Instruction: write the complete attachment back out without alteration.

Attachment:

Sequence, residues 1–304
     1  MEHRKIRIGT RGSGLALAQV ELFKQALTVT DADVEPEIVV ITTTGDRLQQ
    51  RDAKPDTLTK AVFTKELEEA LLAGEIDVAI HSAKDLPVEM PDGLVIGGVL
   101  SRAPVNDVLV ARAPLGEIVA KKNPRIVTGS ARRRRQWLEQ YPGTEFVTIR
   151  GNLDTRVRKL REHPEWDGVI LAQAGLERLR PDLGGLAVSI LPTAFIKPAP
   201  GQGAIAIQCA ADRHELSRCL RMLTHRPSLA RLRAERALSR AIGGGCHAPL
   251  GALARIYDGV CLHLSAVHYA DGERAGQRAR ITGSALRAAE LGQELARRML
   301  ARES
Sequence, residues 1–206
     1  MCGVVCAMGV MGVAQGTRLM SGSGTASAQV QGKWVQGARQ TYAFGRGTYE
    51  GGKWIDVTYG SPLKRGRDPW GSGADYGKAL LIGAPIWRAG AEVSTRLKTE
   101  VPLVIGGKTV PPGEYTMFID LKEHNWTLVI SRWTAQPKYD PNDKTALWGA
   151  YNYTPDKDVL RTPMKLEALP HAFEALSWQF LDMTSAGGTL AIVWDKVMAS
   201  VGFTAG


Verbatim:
Sequence, residues 1–304
     1  MEHRKIRIGT RGSGLALAQV ELFKQALTVT DADVEPEIVV ITTTGDRLQQ
    51  RDAKPDTLTK AVFTKELEEA LLAGEIDVAI HSAKDLPVEM PDGLVIGGVL
   101  SRAPVNDVLV ARAPLGEIVA KKNPRIVTGS ARRRRQWLEQ YPGTEFVTIR
   151  GNLDTRVRKL REHPEWDGVI LAQAGLERLR PDLGGLAVSI LPTAFIKPAP
   201  GQGAIAIQCA ADRHELSRCL RMLTHRPSLA RLRAERALSR AIGGGCHAPL
   251  GALARIYDGV CLHLSAVHYA DGERAGQRAR ITGSALRAAE LGQELARRML
   301  ARES
Sequence, residues 1–206
     1  MCGVVCAMGV MGVAQGTRLM SGSGTASAQV QGKWVQGARQ TYAFGRGTYE
    51  GGKWIDVTYG SPLKRGRDPW GSGADYGKAL LIGAPIWRAG AEVSTRLKTE
   101  VPLVIGGKTV PPGEYTMFID LKEHNWTLVI SRWTAQPKYD PNDKTALWGA
   151  YNYTPDKDVL RTPMKLEALP HAFEALSWQF LDMTSAGGTL AIVWDKVMAS
   201  VGFTAG